MedicalResearch.com Interview with: [caption id="attachment_47512" align="alignleft" width="128"]Alastair J. Noyce MD, PhD  Preventive Neurology Unit,  Wolfson Institute of Preventive Medicine Queen Mary University of London,  Department of Clinical and Movement Neurosciences, University College London, Institute of Neurology,  London UK Dr. Noyce[/caption] Alastair J. Noyce MD, PhD Preventive Neurology Unit, Wolfson Institute of Preventive Medicine Queen Mary University of London, Department of Clinical and Movement Neurosciences, University College London, Institute of Neurology, London UK MedicalResearch.com: What is the background for this study? What are the main findings?  Response: Amyotrophic lateral sclerosis (ALS) or motor neurone disease (MND) is a relentlessly progressive disorder that affects nerves which supply muscles. Over time the nerves die, leading to limb weakness, speech and swallowing problems, and ultimately breathing problems. Patients die on average 3-5 after diagnosis. There is no cure and the underlying disease processes are only understood in part. In this study, we adopted a large-scale approach to exploring causal risk factors for ALS. Causality is important because it implies that if one could modify or induce a change in a risk factor, one would observe a change in the risk of ALS. Observational studies struggle to prove causality definitely. Associations in observational studies can arise because: 1) the risk factor truly changes risk of ALS; or 2) something about ALS changes one’s exposure to the risk factor; or 3) the presence of another factor, which may or may not be known, can induce an association between a risk factor and ALS. Unless scenario 1 represents the truth, then changing the risk factor will not have any effect on risk of ALS. We used a proxy-based approach, known as Mendelian randomisation, to assess hundreds of possible risk factors for ALS for evidence of causality. What emerged from this was a very clear signal linking LDL cholesterol to risk of ALS.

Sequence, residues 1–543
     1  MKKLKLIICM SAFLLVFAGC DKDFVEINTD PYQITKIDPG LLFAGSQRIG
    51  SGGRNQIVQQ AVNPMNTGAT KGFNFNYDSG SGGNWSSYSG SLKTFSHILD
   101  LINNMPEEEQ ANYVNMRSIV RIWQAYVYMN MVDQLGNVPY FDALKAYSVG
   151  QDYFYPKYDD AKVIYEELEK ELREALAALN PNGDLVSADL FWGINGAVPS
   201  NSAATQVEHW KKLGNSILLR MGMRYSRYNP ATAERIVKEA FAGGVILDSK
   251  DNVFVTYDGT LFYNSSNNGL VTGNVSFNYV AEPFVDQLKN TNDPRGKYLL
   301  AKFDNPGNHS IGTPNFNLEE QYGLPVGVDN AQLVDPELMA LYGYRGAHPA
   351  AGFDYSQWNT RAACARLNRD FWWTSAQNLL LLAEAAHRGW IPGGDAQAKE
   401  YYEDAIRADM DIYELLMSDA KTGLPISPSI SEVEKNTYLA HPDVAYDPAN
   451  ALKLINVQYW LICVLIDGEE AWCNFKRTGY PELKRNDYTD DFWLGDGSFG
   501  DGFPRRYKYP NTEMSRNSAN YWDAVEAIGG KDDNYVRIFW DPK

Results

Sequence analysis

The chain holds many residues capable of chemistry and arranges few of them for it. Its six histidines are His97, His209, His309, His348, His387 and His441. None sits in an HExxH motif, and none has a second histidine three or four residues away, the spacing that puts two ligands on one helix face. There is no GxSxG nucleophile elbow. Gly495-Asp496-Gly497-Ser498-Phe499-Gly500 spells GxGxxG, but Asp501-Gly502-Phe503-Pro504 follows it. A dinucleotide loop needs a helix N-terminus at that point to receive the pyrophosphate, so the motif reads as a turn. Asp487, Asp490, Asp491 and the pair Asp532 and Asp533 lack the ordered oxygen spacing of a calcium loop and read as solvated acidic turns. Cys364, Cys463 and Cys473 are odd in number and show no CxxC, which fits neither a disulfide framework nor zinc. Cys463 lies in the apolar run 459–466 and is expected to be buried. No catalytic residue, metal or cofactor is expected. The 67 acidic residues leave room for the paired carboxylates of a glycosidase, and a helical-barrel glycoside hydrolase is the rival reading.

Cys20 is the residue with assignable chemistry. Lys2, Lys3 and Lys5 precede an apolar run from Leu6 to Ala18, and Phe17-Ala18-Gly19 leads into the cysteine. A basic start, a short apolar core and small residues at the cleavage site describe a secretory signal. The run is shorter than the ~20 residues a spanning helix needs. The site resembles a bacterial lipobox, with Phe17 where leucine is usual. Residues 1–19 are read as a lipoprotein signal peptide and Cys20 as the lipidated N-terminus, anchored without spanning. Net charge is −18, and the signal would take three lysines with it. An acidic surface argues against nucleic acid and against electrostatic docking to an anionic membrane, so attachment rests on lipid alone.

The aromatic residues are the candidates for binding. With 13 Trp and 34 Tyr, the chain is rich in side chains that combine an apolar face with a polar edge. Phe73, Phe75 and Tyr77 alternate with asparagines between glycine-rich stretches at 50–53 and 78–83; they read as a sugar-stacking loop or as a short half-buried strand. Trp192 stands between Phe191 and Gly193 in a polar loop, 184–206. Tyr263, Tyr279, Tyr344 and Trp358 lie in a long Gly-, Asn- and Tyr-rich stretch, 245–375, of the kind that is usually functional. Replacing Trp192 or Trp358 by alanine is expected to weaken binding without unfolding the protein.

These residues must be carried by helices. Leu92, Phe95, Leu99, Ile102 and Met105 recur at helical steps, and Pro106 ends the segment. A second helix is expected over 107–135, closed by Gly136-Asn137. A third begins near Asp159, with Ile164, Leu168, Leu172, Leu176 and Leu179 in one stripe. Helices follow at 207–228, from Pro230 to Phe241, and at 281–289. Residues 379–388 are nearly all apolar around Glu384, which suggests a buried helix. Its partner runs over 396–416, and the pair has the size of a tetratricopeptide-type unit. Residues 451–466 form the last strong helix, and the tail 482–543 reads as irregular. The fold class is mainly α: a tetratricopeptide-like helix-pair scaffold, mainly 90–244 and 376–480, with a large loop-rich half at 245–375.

ALS, Author Interviews, Pharmaceutical Companies / 27.09.2018